High-tech microscopes in Frederick are helping scientists at the cutting edge of cancer research get a clearer picture of cells and proteins.
Sriram Subramaniam works a few days a week at the Advanced Technology Research Facility in Frederick, part of the National Cancer Institute.
“We build technologies where they didn’t exist,” Subramaniam said. He founded the Center for Molecular Microscopy, which is based at the Frederick lab, more than a year ago.
In cryo-electron microscopy, beams of electrons are used to create images of biological specimens. The equipment is cooled to about 77 degrees Kelvin, or minus 321 degrees Fahrenheit, to make it more resistant to radiation damage from the electrons.
The Frederick lab had a multimillion-dollar cryo-electron microscope installed this year.
“For the last several years, we’ve been pushing the accuracy with which we can image protein structures,” Subramaniam said.
The higher-resolution images the microscope creates can lead to more effective drug formulations for cancer patients, as researchers gain a greater understanding of the mechanisms of cancer-related proteins.
“The idea of targeting proteins is an important concept in drug discovery,” Subramaniam said.
In Frederick, researchers are using the cryo-electron microscope in conjunction with a focused ion beam scanning electron microscope, also installed this year. The microscope takes images of slices of a sample, which are then assembled into a three-dimensional model.
Tommy Turbyville is a project leader in the RAS Initiative, in which National Cancer Institute and Frederick National Lab for Cancer Research scientists focus on improving knowledge of a single group of genes.
The RAS family of genes was discovered through two viruses that caused cancer in rodents. The genes were named for rat sarcomas, or malignant cancers in certain types of tissue.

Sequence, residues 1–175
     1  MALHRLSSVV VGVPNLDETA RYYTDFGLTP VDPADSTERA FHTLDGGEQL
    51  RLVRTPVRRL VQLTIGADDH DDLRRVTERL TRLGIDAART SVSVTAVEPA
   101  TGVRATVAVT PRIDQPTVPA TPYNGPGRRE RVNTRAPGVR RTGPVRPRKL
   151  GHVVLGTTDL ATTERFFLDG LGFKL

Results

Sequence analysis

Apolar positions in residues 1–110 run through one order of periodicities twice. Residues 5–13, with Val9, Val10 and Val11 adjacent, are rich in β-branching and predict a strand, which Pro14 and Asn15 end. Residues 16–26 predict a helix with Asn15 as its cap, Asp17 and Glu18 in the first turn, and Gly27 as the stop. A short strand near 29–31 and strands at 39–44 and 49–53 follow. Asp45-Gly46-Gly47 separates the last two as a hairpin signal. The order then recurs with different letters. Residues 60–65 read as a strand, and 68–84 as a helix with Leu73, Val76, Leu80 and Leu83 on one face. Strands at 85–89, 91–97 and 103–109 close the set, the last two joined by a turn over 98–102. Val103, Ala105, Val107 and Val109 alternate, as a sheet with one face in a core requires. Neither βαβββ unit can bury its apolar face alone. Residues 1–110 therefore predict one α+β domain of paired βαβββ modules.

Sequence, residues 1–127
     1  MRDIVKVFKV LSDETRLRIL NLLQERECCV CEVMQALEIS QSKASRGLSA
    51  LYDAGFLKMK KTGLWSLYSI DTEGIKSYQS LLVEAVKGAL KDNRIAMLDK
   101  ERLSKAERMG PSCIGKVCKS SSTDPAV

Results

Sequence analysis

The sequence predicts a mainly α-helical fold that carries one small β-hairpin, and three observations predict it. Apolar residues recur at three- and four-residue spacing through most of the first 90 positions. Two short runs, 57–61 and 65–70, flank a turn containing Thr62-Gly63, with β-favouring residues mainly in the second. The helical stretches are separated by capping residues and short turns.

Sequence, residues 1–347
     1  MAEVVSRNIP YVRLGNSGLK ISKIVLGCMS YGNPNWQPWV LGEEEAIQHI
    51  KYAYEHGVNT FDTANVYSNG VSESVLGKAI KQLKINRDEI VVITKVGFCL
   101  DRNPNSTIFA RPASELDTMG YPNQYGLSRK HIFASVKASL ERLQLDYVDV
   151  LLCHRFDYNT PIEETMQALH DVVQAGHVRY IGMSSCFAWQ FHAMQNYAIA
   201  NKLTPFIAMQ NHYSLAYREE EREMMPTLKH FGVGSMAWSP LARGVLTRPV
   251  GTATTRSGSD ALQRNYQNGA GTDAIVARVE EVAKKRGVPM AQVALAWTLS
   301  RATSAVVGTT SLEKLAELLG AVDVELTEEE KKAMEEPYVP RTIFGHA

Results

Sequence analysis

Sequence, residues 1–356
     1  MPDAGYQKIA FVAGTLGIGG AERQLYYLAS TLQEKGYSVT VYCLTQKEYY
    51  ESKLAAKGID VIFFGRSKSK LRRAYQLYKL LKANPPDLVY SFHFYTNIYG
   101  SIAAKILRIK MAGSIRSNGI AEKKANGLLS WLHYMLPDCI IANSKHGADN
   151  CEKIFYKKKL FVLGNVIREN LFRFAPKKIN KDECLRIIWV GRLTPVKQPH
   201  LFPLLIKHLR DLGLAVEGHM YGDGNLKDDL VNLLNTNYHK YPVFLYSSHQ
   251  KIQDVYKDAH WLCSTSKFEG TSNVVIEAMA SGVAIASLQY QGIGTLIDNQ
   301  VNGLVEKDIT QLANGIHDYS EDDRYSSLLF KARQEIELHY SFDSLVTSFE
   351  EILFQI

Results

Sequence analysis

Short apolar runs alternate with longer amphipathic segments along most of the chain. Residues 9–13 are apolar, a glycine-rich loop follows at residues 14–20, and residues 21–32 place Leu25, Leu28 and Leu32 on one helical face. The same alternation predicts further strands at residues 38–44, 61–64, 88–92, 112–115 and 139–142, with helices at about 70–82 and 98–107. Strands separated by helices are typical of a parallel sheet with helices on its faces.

About a third of all human cancers are driven by mutated RAS genes, according to the National Cancer Institute. Genes in the RAS family — including KRAS, HRAS and NRAS — produce proteins of the same name. When those genes mutate, the resulting signals from the proteins cause cells to grow uncontrollably. Some of those RAS gene mutations make cells resistant to certain cancer treatments.
“We spend a lot of time trying to study RAS,” Turbyville said.
The researchers know that in some cancer patients, the RAS protein may be mutated and constantly turned on.
“Imaging technologies have been really important in understanding things like that,” Turbyville said.
Both electron microscopes enable researchers to see those mechanisms at a higher resolution.
Their lab makes Frederick a promising location for discoveries, he said.
“The combination of technology and expertise all in one place is pretty unusual,” Turbyville said.
The Frederick lab’s intent is to create collaborations with researchers around the world who would like to use the microscopy technology.
Though he’s seen some successes with the technology, Subramaniam said it hasn’t been easy.
“We’ve shown that it can work, but I also have a good sense of all the failures we’ve had. We fail 10 times more often than we succeed,” he said.
Turbyville is hoping their work will give Frederick the name recognition that federal labs such as the Los Alamos National Laboratory and Lawrence Livermore National Laboratory already enjoy.
“Our goal is to say Frederick, and people would know that’s the national lab that does cancer research,” he said.